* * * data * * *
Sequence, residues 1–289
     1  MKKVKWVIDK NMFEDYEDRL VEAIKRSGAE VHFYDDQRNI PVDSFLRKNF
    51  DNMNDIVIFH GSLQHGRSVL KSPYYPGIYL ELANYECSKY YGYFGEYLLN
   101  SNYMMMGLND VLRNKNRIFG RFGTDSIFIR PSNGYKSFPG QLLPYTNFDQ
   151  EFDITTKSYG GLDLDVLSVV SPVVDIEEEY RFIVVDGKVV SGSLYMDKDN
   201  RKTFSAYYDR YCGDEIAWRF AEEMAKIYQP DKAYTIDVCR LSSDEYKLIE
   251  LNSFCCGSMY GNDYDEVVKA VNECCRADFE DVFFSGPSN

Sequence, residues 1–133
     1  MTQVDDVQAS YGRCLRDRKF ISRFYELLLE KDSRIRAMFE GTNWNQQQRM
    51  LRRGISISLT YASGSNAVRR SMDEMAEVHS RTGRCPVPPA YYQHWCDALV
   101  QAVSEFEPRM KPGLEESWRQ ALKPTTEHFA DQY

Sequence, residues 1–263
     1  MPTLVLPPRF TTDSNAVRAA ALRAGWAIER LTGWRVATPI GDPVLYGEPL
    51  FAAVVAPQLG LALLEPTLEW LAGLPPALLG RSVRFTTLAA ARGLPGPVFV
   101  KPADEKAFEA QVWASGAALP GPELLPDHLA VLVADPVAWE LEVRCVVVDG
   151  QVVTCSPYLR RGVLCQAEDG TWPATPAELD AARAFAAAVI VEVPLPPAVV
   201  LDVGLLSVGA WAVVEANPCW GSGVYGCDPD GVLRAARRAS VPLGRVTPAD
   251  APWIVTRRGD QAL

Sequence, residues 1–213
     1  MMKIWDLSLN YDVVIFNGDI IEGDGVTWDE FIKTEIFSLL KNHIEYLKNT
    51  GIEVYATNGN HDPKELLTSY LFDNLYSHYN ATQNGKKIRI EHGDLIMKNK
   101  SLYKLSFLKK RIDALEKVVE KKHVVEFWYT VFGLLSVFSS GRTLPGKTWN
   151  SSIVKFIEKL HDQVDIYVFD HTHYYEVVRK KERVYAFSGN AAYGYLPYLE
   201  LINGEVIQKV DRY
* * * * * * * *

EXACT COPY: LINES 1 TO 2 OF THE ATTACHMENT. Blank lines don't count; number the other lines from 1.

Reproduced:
Sequence, residues 1–289
     1  MKKVKWVIDK NMFEDYEDRL VEAIKRSGAE VHFYDDQRNI PVDSFLRKNF